The Courier News from Blytheville, Arkansas on November 13, 1940 · Page 1
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The Courier News from Blytheville, Arkansas · Page 1

Blytheville, Arkansas
Issue Date:
Wednesday, November 13, 1940
Page 1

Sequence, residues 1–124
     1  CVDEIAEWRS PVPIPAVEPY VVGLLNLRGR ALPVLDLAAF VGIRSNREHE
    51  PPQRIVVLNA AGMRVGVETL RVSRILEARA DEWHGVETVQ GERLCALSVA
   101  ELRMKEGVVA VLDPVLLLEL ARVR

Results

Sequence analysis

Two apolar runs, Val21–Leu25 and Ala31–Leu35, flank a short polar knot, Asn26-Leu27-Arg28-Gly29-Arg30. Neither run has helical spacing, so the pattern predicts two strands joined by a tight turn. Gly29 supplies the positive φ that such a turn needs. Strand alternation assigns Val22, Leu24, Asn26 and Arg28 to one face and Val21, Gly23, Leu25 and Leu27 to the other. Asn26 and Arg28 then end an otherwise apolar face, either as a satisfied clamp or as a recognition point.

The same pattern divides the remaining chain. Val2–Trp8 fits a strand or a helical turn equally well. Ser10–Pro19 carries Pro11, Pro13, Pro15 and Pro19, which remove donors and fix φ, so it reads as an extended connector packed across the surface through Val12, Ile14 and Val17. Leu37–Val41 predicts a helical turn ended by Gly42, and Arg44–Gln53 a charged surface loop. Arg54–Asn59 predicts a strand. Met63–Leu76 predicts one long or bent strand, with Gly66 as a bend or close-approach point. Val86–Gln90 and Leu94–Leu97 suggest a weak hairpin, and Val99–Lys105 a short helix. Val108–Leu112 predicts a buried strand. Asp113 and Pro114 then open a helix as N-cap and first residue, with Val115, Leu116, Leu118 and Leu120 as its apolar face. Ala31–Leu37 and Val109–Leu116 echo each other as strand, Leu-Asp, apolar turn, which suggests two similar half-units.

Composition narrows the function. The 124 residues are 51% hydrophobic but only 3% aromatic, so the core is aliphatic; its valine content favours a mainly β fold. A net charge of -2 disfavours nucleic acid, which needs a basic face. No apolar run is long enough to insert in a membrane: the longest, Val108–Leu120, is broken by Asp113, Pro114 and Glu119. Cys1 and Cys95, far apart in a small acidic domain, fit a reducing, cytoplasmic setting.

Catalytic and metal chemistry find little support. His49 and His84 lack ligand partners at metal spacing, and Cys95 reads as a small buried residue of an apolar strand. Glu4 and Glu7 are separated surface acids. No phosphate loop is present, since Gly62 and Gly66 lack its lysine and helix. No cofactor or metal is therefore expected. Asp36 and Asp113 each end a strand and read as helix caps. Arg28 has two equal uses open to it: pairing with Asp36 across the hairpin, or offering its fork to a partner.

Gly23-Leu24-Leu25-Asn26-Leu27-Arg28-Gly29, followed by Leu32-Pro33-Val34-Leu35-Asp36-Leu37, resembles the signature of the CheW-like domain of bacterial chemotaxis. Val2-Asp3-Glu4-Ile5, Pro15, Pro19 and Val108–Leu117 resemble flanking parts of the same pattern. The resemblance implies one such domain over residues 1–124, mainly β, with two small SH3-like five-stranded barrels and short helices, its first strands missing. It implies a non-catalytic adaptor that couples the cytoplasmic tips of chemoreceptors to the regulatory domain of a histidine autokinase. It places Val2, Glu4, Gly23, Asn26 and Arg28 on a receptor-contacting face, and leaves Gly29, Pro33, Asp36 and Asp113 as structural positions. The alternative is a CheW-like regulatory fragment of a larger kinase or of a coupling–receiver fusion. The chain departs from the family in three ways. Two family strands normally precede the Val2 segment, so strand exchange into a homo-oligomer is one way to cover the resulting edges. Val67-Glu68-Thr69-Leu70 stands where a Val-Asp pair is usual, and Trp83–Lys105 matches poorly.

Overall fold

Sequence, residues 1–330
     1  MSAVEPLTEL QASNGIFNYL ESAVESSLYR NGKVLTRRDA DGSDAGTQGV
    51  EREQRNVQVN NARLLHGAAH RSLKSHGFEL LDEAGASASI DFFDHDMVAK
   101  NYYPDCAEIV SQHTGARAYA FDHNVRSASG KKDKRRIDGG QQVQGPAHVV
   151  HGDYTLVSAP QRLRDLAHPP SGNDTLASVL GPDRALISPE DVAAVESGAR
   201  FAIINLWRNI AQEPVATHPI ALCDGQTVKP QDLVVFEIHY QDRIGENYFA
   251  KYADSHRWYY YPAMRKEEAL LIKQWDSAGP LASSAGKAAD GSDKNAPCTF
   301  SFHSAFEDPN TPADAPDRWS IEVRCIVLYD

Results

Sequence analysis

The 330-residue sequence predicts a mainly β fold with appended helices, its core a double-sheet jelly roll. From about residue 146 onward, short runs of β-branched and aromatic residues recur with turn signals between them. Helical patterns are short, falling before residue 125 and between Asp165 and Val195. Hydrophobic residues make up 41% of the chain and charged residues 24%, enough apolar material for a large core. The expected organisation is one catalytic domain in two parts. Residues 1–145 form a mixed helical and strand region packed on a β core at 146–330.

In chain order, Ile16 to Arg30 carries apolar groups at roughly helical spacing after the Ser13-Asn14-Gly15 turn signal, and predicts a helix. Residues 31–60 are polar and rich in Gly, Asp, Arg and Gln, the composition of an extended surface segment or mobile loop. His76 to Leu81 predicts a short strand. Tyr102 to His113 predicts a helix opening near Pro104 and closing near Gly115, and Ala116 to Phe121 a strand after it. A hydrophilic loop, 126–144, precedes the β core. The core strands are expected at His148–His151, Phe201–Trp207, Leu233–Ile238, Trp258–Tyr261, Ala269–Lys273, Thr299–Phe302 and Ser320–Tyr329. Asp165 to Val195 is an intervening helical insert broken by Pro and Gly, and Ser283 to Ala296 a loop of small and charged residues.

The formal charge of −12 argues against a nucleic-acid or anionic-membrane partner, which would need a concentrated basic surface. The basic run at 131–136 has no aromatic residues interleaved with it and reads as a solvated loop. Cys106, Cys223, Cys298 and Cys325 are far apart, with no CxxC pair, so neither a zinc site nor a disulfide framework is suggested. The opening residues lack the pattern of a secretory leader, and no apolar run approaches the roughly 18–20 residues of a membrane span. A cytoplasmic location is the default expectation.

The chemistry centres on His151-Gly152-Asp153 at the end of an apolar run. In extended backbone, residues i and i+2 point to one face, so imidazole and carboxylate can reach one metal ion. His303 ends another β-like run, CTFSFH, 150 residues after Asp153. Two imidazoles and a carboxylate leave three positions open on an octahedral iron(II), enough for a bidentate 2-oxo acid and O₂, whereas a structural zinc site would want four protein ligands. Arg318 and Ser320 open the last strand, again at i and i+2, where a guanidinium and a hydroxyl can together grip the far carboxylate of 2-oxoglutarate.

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BDTTHEVILLE COURIER VOLUME XXXVII—NO,'.205. THE DOMINANT NEWSPAPER OF NOim«AST ARKANSAS AND SOUTHEAST MISSOURI BJytheTiUe D»fly Newi BJytheVllto Courier l Valley Leader Blytheville Herald BLYTIIEVILLK, ARKANSAS, WEDNESDAY, NOVEMBER 13, 1940 SINGLE COPIES FIVE CENTS BRITAIN, GREECE IN SMASHING SUCCESSE Hard Hit Tonight As Cold Wave Stays ' '• '** • ,' A hard freeze was forecast as likely over Arkansas tonight by' the-United' States weather bureau. By United Press Cold nipped almost the entire nation today-as the storms which caused at least 100 deaths and untold property damage "appeared to-abate. At least 16 sailors were killed on the Great Lakes when f.B! POSHES NIO Pledge Cards Now Out Can Insure Completion, Shane Declares gales churned the waters into choppy waves that sent beats LO the bottoms and grounded* — • — •.six others. At least four more beats were missing. A score of hunters died in the Middle West, many of exposure when the biting bold swept suddenly across the plains. An unknown number of fishermen, were missing. Others died in accidents on highways, n the cities and in the air. . Only southern California escaped .the cold which sent the mercury down to subzero marks in northern' areas and to 50 degrees in the deep South. Belgrade. Mont., reported 15 degrees below zero. _. . Weather men said the cold wave and storms were the mcst severe in > years. Coast guardsmen worked long hours on the Great Lakes rescuing survivors and 'recovering bodies of the dead from the wreckage of the boats that were battered to bits and run aground cr disabled. Two of the vessels which went down in .Lake-Michigan-were the William -B. Davock. a 7,200 ton freighter, and the Ann Minch, 4,200 ton freighter of Canadian registry. Bodies of 16 members of the crews were recovered and more were- reported seen in the water but.-could not be reached imme- . . _ :V : The coast yguard. said • it. : would " tent of the loss, of life and property damage on the lakes -could be determined. ' ' • Damage to fruit crops was feared as the mercury dipped to near- freezing .In southern areas. Readings near 38 degrees were forecast for northern Florida tomorrow, and at New Orleans the mercury was expected to stay below 55 degrees although the .normal temperature there is 62 at this time of the year. A cold wave was moving into Oregon from Canada and temperatures there were expected to-drop Acts, Of Sabotage Believed Responsible For Blasts, /'Accidents" The Federal Bureau or Investigation, strengthened to meet the threat of sabotage against the national defense program, intervened today in the investigations,, of mysterious explosions, accidents and fires in public and private enterprises that have caused estimated damage of $1,000,000 in the last week. Ten acts of sabotage in connection with recent explosions in plants working on national defense orders were charged by Rep. Martin Dies, chairman of the congressional committee investigating- subversive activities. He did not disclose wrur:e the sabotage occurred, but said he would ask congress to appropriate ( $5,000.000 to continue his commit- j tee's investigations in an effort to ' stop this menace to national de- The. Community Chest Fund for the coming 12 months will be a suc- i fense. 'Controver sy Off Lively Council Session, »/ if • ,". •/ Rep. j. parnell Thomas (Rep., N. J.), a member of the committee, cess if the pledge cards how out Ire ™V HJ ' ; * ™ er , - co ™ ee ' turned in, it was. announced today aa } d that th «e explosions. m Penn- by Chairman Cecil -Shane Sylvama and New Jei ^ yesterday by Chairman Cecil Shane. Of the $6300 bifdget accepted by the board of directors, all.has been pledged except $1000 in a brief campaign and a number of others expected to pledge will complete i the budget if the contributions are made, he said. Of the $6300. there .will be $1000 eiven to the Blytheville Public Library: $1000 to Boy Scouts; $1000 to Social Welfare; $650 to Christmas Gocdfellows; .$500 to Blytheville school band;, $350' to tag.days : for Blytheville had its spiciest aUogelher its most entertaining city council session. -in many *& month Hist night and playing the principal role again was that; old veteran of past encounters—the city's standard "milk 'ordinance'. •' ,.; Just where the honors stoodVftf- t'er an hour and a half of free- for-all discussion in which • no charges were barred' 1 mid rfone 'however far from the (ssue, apparently were withheld, remained a matter' of much conjecture. \ . Of course the mayor and aldermen must ,be reported as among the principals ' in ihe catch-as- caceh-cah tilt, but as a matter of cold fact the council frequently was shoved into the background as counter-charge followed charge and personalities clashed on all sides. Others who figured prominently in the evening's proceedings were George Shamlin, sanitarian with the county health unit which is the inspecting agency under provisions of the milk ordinance: H. L. Halsell, Joe Craig and VW J. Faught, dairymen, D. Webster Jones, director of milk control of j; the state board of health. Police Chief E. A. Rice and a number of women from various P. T. A. groups in -the city. • ' ;V The women departed eventually without the .information ;, which they .apparently most eagerly s today on the 'milk IVont': 1. J>. VYebsier Jones, dir^vior of milk nontroL oMhe slide dc*- purtmenl of health Ktnvtutl un inspection «f tlntdihv serving 1 Blythcville. 2. George.Sluimliii, sunUarJan oi' the county health unit, suiil hb would make a follow-U|» Inspection several, days Inter ami announce milk unities for all diiiries serving Blytlievillc by Dec. l. H, Although. jfnule announcements are required only. twictt a year under the standard milk, ordinance Jones and Shatnlkn suid they would be announced monthly for several months, (No grades have been un- nounccd in recent years.) "can hardly be placed in the cate- that other disasters might be ex-1 pected "until the federal government gets hardboiled." "We need a shake-up in our government so that there will be no more coddling of subversive groups or activities." he said."The federal government should cooperate with the employers so that they can get tough about whom they hire and fire." sought. Almost in chorus they frequently interrupted heated remarks ;- ~—"",v v"'.j IAJ .1*45 .\iOjo iui mi_' ii^ .two Cemetery associations and Par- Tne tnree P° wder plant, explosions -ent.^TeacherV'Associations.-bf public lr . occurred within an hour of each ; s£h6b!sr$3(krto- '^rr^aifts'-sison Io^er^y ester da^^n^explosior to a contingent fuiid. for miscel- ' strove d a lO.doO-barrel oil storage laneous appropriations | tank in Canton, O., last night Last year, when the Community Cause of a $500,000 fire at the Fund-was launched for the first! Municipal Auditorium - Nationa 1 De iacKmc , time, a budget of $5250 was secured Guard Armory in Atlanta was un- j And the exact status and con . in.addition to the funds for the explained. Emery dust was found dition O f BlytheVille's milk supply library having already been donat-1 m machmerv at the Todd Seattle ed before it was decided to have j drv doc k, ' m Seattle, where two cials. announce' the identity of dairies which purportedly have Loss Is Es t im a'te d At $125,000 In Business District Blaze NEWPORT, Ark., Nov. 13. (UP) —A disastrous fire that swept half a block of in the business were told of filth being foiindVjn. "samples" removed from dairy trucks and of analyses made in a laboratory at Luxora but only mim- bers'bf samples and no names were brought along to the meeting-, they were told. Few of the '• .principals (except the_ women who- alternately shot questions and clapped then- approval ~o'r • verbal blows)" •'carhe' -dufeltn-' scathed. And after it was , : all over the knockout blow, the home run the touchdown run still seemed Co be lacking. a community fund. vessels are being converted into Success of the drive.'was made i transports f 01-the Navy. In South to below freezing. Rising tempera- • ° lures east of the -Continental Di-j vide were forecast from 'Montana where the mercury hovered near Ihe zero mark and in some cities dropped below. Deaths caused by the wind storm that swept from the Rocky Mountains to the "eastern seaboard • mounted as workmen cleared the debris , and attempted to repair damage. Clinton Eberhardt, 23, was killed near Denver, Colo., when he touched a storm damaged 13.0CO-volt power line. The mercury had dropped to 2 degrees above zero at Denver, but rising temp2ratures and fair skies weirs forecast generally"for Colorado and Wyoming. Salt Lake City, Utah, 'recorded 20 degrees, but, the mercury was expected to fall another rive degrees there. possible because of the desire of the public to contribute to worthwhile charities at one time so as to avoid numerous solicitations throughout the year, Mr. Shane Throughout the Middle West readings below freezing were re- reported 23 deaths, assisted San Francisco, a giant crane collapsed in the ship-building yards of.the Western Pipe and" Steel Co., where ocean-going freighters are being built foiv the United States , Maritime Commission. The toppling i crane killed one man and injured xi. V.UJ. H ui uu wuittcrs assisted t H in the drive which consumed only i V ° Others one day with some follow-up work ! Fourteen persons- were killed and - '! at least 26 'were'..injured in. the district mated at $125,000. .Newport and Batesville firemen, hampered by ice-coated streets nnd bitter cold, brought the" blaze under control .shortly':, after daylight but not before the flames had destroyed the Seattle Hardware company building—in which -the t'lre started—and .the P. K. Holmes department store; building.--'^!^ : County Boards To Send Number Eacli Day Until Classification Completed Classification oi' registrants in Mississippi county for the military draft is getting underway .with 100 questionnaires sent out by Draft Bourd "C" already this week up until today and all board scheduled to send from 25 to 50 questionnaires daily Tor the .pveseut, at least. Form 40 of the Selective Service will be sent all .registrants In the order of which their number wns called, with those holding No. 158 receiving the first questionnaires. An advisory Board of J. T. Coston and Bruce ivy of OsceoUi, nnd G. E. Keck is to assist, registrants in . filling; ..out the questionnaires but any citizen may assist ,u registrant If he feels he is Incapable of answering the questions. Members of the draft boards nnd ofllce personnel/will not tfe allowed, to assist in this;. :•.•.•:'. : ; , , , ;. All questionnaires must be filled out In ink. ' If the : registrant Is unmarried, has no dependents and is in good physical condition he will be placed in Class 1-A and those married or with dependants 'will be placed in other classes. ;: Fl ; ; • " Those in Class 1-A will be called first in order of their numbers, as were pulled .out of the "goldfish" bowl by high ^government' officials, Oct. 29. •. Five days time will be allowed for returning questionnaires to the draft board ; and when .received, members of the board will classify the registrant" in:one of» : four classes. ' -'..-.••!.':!:•-': •'••.•••:..•:^:'.'-; ''•"•>" ;''>;•"•• Naval And Losses Large British Will Try Device powder plant explosions. Six women and . two men were killed in a blast at the United Railway Signal Corp., in Woodbridge, , N. J. A state inspector said "this' j definitely was sabotage." An FBI ! agent was sent- there as an "oV j server" although the plant was not working on government contracts. Three men were killed at the Allentown, Pa., plant of the Trojan i Powder Co., working on contracts remained about as uncertain when it was all over with as 'it was when the tussle got - underway. However, out of the maze of contradictory, statements there ap-: peared' little doubt .that the city's standard milk, ordinance is not be-. ing literally complied with in its f entirety^ .So thorough in all its re- i quirements is . the standard ordi-.' nance that absolute compliance with its terms had always been regarded, it is said, as somelhing to be sought rather than something to be generally obtained. As to enforcement of the ordi- . erh : Aiito "associate,'store'-was damaged badly. The entire city was illuminated by. the blaze which, was discovered about two a.m. Splinters of burning wood, whipped about by a high wind,-set fire to'a "dwelling- house five blocks away and threatened dozens of other buildings. Several firemen were almost 'trapped in one of the buildings and one, Guy Thompson, nearly suffocated before escaping. Cause of-'the fire was not known. T f TL Tf TI A 1 ^ow* 361 " uo - working on contracts Use It It Ihey Ap- totaling $200 f COO for the Army and ported. Minnesota eight of them hunters who were lest when the storms blew across ( the Middle West Monday. Michi-j gan reported 20 dead, but the num-' ber was mounting steadily as the bodies of more seamen were found washed'•• ashore. Illinois reported 15 dead. Iowa 8 and Pennsylvania and New York 6 each. Wisconsin reported 5, Indiana 4 and Missouri. Ohio and Oklahoma one each. New York Cotton Dec. Jan. Mar. May July Oct. Prev. Open High Low Close Gloss . 987 987 981 986 985 . 977 981 977 981 980 prove WASHINGTON. Nov. 13. (UP) — The United States has released to Britain an outmoded type of airplane bomb si?ht which is considered highly effective but not as accurate as the secret sight now used by U. S. Army and Navy planes it was learned today. The bomb sight was handed to the British for experimental purposes and the Royal Air Force, if satisfied with it, may apply for'its release for production. Emphasizing that the bomb sight is not the much publicized device now used by American armed j forces, officials said, however, that it incorporated many of the features of the regular sight. -The outmoded model was said by officials here to be more effective than sights now being- used by AT & T. 157 the British. ^ * }. Am Tobacco '." 73 Navy. Ti\; FBI recently made a plant survey of the Trojan com- 1 pany to determine its. protective facilities. Agents were sent to Allentown although plant officials said first reports indicated there was no evidence of sabotage. Three men were killed at the Burton Powder Works of the American Cyanimid Corp., at Edinburg Pa. This plant had no government contracts but an FBI agent was sent to Edinburg to act as an observer at the local investigation. The three powder plant explosions occurred two months to the day after a mysterious explosion killed 51 persons at the Kenvil N. J., plant of the Hercules Powder Co.. on Sept. 12. 985 982 967 925 988 982 968 928 982 980 964 924 987 981 966 928 986 982 967 927 all night with each participant taking a more vigorous whack at the ball in his' progressive turn. As to who was left holding the ball that remained apparently to be more clearly determined by future developments. : Mr. Shamlin charged that the city administration had failed tc Ray burn Confident Of Sine Die Adjournment If Members Return WASHINGTON, Nov. 13. (UP) — Speaker-Sam Rayburn announced today that leaders of both houses " uvtinj, iLiiii.- n-uutiO UA UUUato co-operate in enforcement of the j will seek sine die adjournment of ordinance, though he trailed off into a declaration that the city had failed to see milk ordinance congress next Tuesday, Nov. 19 Just before leaving for a White House conference with President •*.*.<-r M^I^ W4Jiiiv-i.tri.JUt-. YV iuii iltaiLiCilt violation cases through to the end Roosevelt Rayburn said that house as his principal contention on this I Democratic leaders had sent tele- score. (City Attorney Boy Nelson | denied that any cases arising dur-" ing his term had been sidetracked.) Mayor Marion Williams and members of the city council declared that the city had not failed and that instead Sh'amiin had failed in his duty, charging that it was his job to report violations to city officials for .prosecution to enforce the milk ordinance and that he had failed to do so. Dairyman Faught charged that Stock Prices New Orleans Cotton Anaconda Copper 28 1-2 Beth Steel 89 5-8 Chrysler .. 811-4 Cities Service .__ 5 7-8 Coca Cola 1*09 General Electric 34. General Motors 53 1-8 40 5-8 Prev. Dec. Jan. Mar. May July Oct; Open High Low Close Close 986 977 990 987 971 930 988 979 993 987 972 931 985 977 988 985 970 927 988 979 992 987 973 931 989 980 992 987 972 933 Community Stunt Night Is Set For Dec. 6 j Date for the fifth annual com- ~ ..... - | munity stunt night, an event spon- 'Montgomery Ward - sored by the Blytheville high school i N Y Central .... ..... 15 7 _g senior classes-, has been set for Fri- '/Packard ....... ' 3 3-4 day night, Dec. 6, at 8 o'clock, it j Phillips ......... " 33 1-2 was announced today. -Radio ............ !'/.".".". 53-8 The various skits which make up i Republic Steel .' ...... '.".."* 23 1-2 the program- will be given by dif- j Socony Vacuum .......... 91-2 ferent organizations of the city jstudebaker .. ' ............ 9 Clubs will be, contacted by a mem- ] Standard Oil N J ...".'.-*."* 35 1-2 ber of -the senior class as soon as-j Texas Corp .............. 38 1-8 ' dependable and accused Shamlin of acquiescence in petty violations of the ordinance himself which Shamlin .denied. It is more or less of an open secret that Faught |nd Shamlin have clashed before. Shr»m- lin said last night that Faught's dairy was one place he did not visit and indicated that it was be- to all Democratic representatives urging "them to be on hand "for an important vote next Tuesday." This, he said, would be on 'the adjournment of congress. Rayburn added that he was authorized to say that Senate Democratic Leader Alb en W. Barkley had asked the upper chamber to return for a vote on the same issue Tuesday. '*'! am confident we can get a sine :die adjournment resolution through the, house if we get the. members here," -Rayburn said. Republicans have opposed outright .adjournment. They favor continu- / . another card wlJl ; be mailed the registrant naming his -classification::• Written request for. a? .'hearing oh exemption or deferment must be made to the board which Will mail an answer within a few days, giving the registrant the date to appear for such hearings. Registrants of each draft board will receive their registration and serial numbers from the draft board selected for their communities and nil communications must be" sent this same board which will niftke all replies. Failure to ;• receive the questionnaire through the mall .does hot exempt any registrant and all are supposed to keep in touch with their draft board offices if they do not receive their forms within the indicated time. ' •" Draft Board A, for Chickasawbn. HJckman, Clear Lake and Canadian townships, is made UD of B. A. Lynch, Clarence H. Wilson and O. W. McCutchen who 'meet daily in the fflce on the second floor of the City Hall. Draft Board B is made up cf Jackson of Osceola, J. Lan Williams of Osceola and B. G. West, v.ho meet daily in the ofUce on the first floor of the City Hall. Big Lake. Bdwen, Burdettc. Fletcher, Half Moon, ' Hector. Little River, Neal and Swain townships are included in this board. Draft board C is made up of G. B. Segcaves, S. L. Gladish and S. M. Hodges, all'of Osceola, who have an office in the court house nt Osceola. This board has for registrants men between the ages of 21 and 36 living In townships :n the southern district of the county, except Little River. SOFIA,; Bulgaria, Nov. 13. (UP)— -Itaiia'n forces" ha V e been' driven front all territory in Greece which they invaded in the first few days after outbreak of Italo-Gret:k hostilities, the Greek legation here said today. Creeks On Offensive ATHENS. Greece, Nov. 13. (UP) —Greek troops were reported to- r 'ny lo be on the offensive along 'ho whole frontier. All three of Ihe main Italian drives were re- uortcd stalled. It wn.s announced that six fully j fnuioped c'omDanies of Albanian i roops hnd surrendered, declaring "we don't want':, to., fight the Greeks." ;.'" Mfnntime the Albanian minister appealed bv radio to .his countrymen at homo to ".loin your Greek brothers in the ficht for independence afminst.' u common enemv." (At Ohrkl, Yugoslav border town,: 'it. .was. reported that Albanians throughout. -the', northern region had revolted against Italy, that the population of seven towns had fied toward the Yugoslav border to join the rebels, dynamiting n river bridge behind them. (Italy sent troops to crush the revolt, according to j; these reports and British and Greek planes bombed the Italian camps, killing 70 nnd. wounding 90 one. It was said that the bombing and Italian anU-alra : aft flrin^ ; - could .-be, heard along the frontier • : f or , hours .) At Budapest,' Hungary, ; -th'e Greek radio was heard 'j^c^cajting; that an -• Albanian^reimclijngl an of 'keeping congress subject to quick •. assembly in case of emergency. Chicago Wheat Open High Low Close CHI WHEAT. ... ...: Dec. 87 3-8 87 7-8 87 1-4 87 3-4 1-3 87 3-g 6* 3-8 «7 1-4 possible and plans for the show asj a whole will get under way. ! . .Tom Reeder has been elected general manager of the show. Other committee heads are: Betty 'Jean', Hill, publicity manager; Bill Cham S Steel ............. • . . 74 Technicolor Pictures he said were reports by a Memphis i ^F6 Shown To LlOnS chemist as evidence of the goodj ; quality of his - milk. He explained i Technlcolor p i ctures of the wild ' that he had to do something toj life . in ^^5,^ were shown by Open 'High Pr0gram chainnan . and ; :Betty Dec. 62 1-2 63 business manager. May 635-8 64 i- •»*V* »11 AJUk rh.t*kL*3CW3 W^IC OllVJWil *JJ protect himself (he has a 100-cow Captain Tom Mull Qf tne Arkansas dairy) after Shamlin had charged Wild L{fe commission at the wee j. : ] y in publised articles that the city's luncheon meeting of the Lions club milk supply was deteriorating rap- Tuesday at the Hotel Noble, idly and that an epidemic was fear- j captain Mull made a brief ex- ed. If .•condition's .were not improved --pianation at various intervals dur- He charged that Shamlin had not ing . the showing of the three reels carried out inspections of dairies O f game, and fish in the state. He that he was supposed to make , W JH re tum In December to show Halsell said he was buying milk more pictures, of this type to the from one other producer, Charley scouts of the city. Lutes, south of Blytheville, and Dr. -E. M, .Nixon gave a talk on that Lutes' milk had also been given the dairy situation in Blytheville. a .high rating by the Memphis .Farmer England' was. in charge of Close I chemist. "" jthe program. Lew,Brown, formerly 62 1-2 62 7-8 Halsell charged that Shamlln was .of Jonesboro but now .or' Blythe- 63 3-8 63 1-8 '(Continued on Page Six).. J vUle, was a,guest. ' ^l\:, : ' •; • • Immediate Response To Roll Call 1$ Urged Red- Cross remittances continue to to the local Red Cross off5ce,;*Bernard Allen, chairman of the annual roll call, stated today as he again urged everyone to give this matter' his Immediate attention. Up to the present time, the response has been rather' slow. Mr. Allen stated, but a special effort Is being made this year to reach the membership quota of 2565 long before the roll call closes on Nov. 30. Business houses which have already been canvassed are being urged to send In their blanks and 'remittances as promptly as possible. the Koritzu "(northerr)} ''•."front" arfd that the Greek rietit wing was advancing on Koritza, one of the main Italian bases. The Italian* were retreating all along the frontier and their officers were trying in vain to get them to stop and light, the broadcaster said. He said one Greek, non-commissioned 'officer hud captured two Italian machine gun nests, taking four men prisoner while the • others fled. "The number of Italian prisoners grows hourly," he said. '"Ten field pieces, many machine guns and other booty have been captured. More than 150 wounded Italians .were taken prisoner. Greek forces. upon retaking villages, flnd that the Italians have plundered them before retreating.") (A Greek broadcast heard at Sofia, Bulgaria, said Italian bombers had killed a number of civilians in raids on towns but had hit no military objectives. It said Italian planes had attacked ships at Corfu, -in the Adriatic, without success.) (In connection with 'the Jugoslav border town reports it was recalled that-Virginio Gayda, authoritative Italian eidtor, had praised the Jugoslav press yesterday for Its "impartial" coverage of the war.) The reported destruction of , Durazzo was regarded in Athens as t vital factor in the campaign. The port was lined with newly-built docks, quays and steel warehouses, It was receiving a flood of troops, guns, ammunition, fuel and food from Italian ports. There were accommodations *for four large ships at one time and the port was linked by a ! new. railroad with the capital, Tirana. Hitch-Hike Vacation Covers 800-Mile Route Will Lead Christmas Seal Sale For 1940 Mrs. Rodney b. Banister and Mrs. C. A. Cunningham have again ! accepted the posts of chairman and I co-chairman of the 1940 Christmas I Seal campaign, it was announced 1 today. Campaign material has 'already arrived and an early start on prep- artions for mailing- is assured. The campaign opens Nov. 25 Those In charge stated that .Blytheville, -like all other communities has its tuberculosis problems and at least once a year, the citizens should intensify their efforts to I help solve these problems. i No seals will be sold by school j children in Blytheville. the chairmen stated. PINDLAY. O. (UP) — Mr. and Mrs. Claude Stover plan" to vacation in nte west - next < year—via the hitchhike route. The couple used that method with great success this year. They traveled 800 miles,, walked only < two, saw Niagara Fails, rhad-cpm- l/\r?rrlT^fTO 'i*-T%jf^ ' PVVjft f • A A WEATHER Arkansas—Pair, colder hi extreme east, and ; extreme south portions., hard freeze ,tonight, Thursday fair, slightly warmer in afternoon. : ', Memphis" and vicinity—rFair aaid colder .tonight, lowest: temperature 20,"Thursday .fair and colder. By United Press, J.; A British bombs battered Axis warships and bases with unprecedented fury today'^o • offset German' bids to bring Sovifit Russia into the Na%i European front and-Japanese threats-of a new thrust into 'the south Pacific. '-}:r Six Italian warships - and pof&i- bly a seventh were smashed -info uselessness by a British air ^attack on the big Fascist base at" Taranto, according to the London which claimed the most sensational air naval victory,!-oT the war. t-t-? ' British Prime Minister Winston Churchill said this victory decisively affected the balance of naval' power in the Mediterranean arid would affect the naval situation "in other quarters of the globe^ Two of the warships * that trie" British said they wrecked-^ striking &z the'heel of the ItaUan boot' were battleships, two were cruisers and two were auxiliary warships. A third battleship \i?as' believed damaged badly, knockmV out almost half of the Italian fle,e£ above the destroyer class, according to the British claims. . '?,"•*. The British reported, that ttie'ir airplanes dived through tremerf-i dous anti-aircraft flre in -making the attacks after the 'British navy had vainly scoured the . Mediterranean in an effort to engage the' Fascist ships,In battle.'" , But the damage to. the^Italian •> navy was by t no means" all that the British claimed. The Royal Air Force,-opera ting from "'England^ from Greece and from- North Africa^struck- again,7and_^again af~ Italian-German"- bases jdurlng the past 24'hours, pounding the Ger- ^ man-held French "port of L'orient —an important Atlantic coast sub-^ marine base-rWith • auchX huge' bombs that London "believed ittiad'- been made useless. ^." ' > '" The British planes attacked three ' main Italian bases In , Albania— Durazzo, Valona and Santa Quar- onta—which are being used in the attack on Greece and reported that they Inflicted great damage. The biggest port, Durazzo, was reported set afire and battered so badly, that it might not be usable. 7 In Cairo the British announced their planes also bombed the leal- fan base of Tobruk in Libya, set;-, ting part of it on flre and had unloaded more high explosives on Brindisi and Bari in long range bombing attacks. "v The British also reported their bombs fell on German oil plants at Gelsenklrchen, Cologne and ,6n other targets, Including ^railroid centers and factories in 'the "industrial Ruhr valley. R.. A./;j^. planes ranged all along the European coast, blasting Flushing, Dunkirk and other Nazi bases. <*"''* LONDON, Nov. 13'. CqP)-i-A2l Italian supply ship was sunk, two others were set afire and probably sunk and a fourth vessel of the same type was damaged seriously * in the Straits of Otranto Monday night, the admiralty said" in-a com- munique today. The straits separate Italy and Albania and It was believed that the Italian supply ships were -attempting to provision Italian forces based in Albania in their war against the Greeks. The admiralty said the Italian supply ships were attacked by British light naval forces. The fourth ship damaged and-two Italian destroyers, escorting the convoy, es-~ taped behind a smoke screen but not before one 'of rhe ItaUan de-r stroyers suffered a hit, the com- munique said. There British casual ties'. Luxora Child Dies ,:: : Of Diphtheria Today A death from diphtheria and report of at least two other cases today resulted in a special invesU^ gation being made although there is nothing alarming about haying several cases in a county of , this size at this time of the year, It Is understood. _ ~" Irma Richardson, four-year-old daughter of Mr. and, Mrs. Lonnie Richardson of Luxora, died at-2 o'clock tliis morning. Several other cases in the same Vicinity were re- " ported to Dr. E. "M. Nixon, Missis- .- sippi County Health Unit .director^ _; who left Immediately for'that place. ; Funeral services will be 1 , helci v Thursday at Ripley, ^Miss., by the Rev.^S. T. Ledbetter, with ^burial in that city. * ^-"-^J^-Sl. The- child --Is also survived^by four sisters and 'lour brothen.' 1 - ^, ,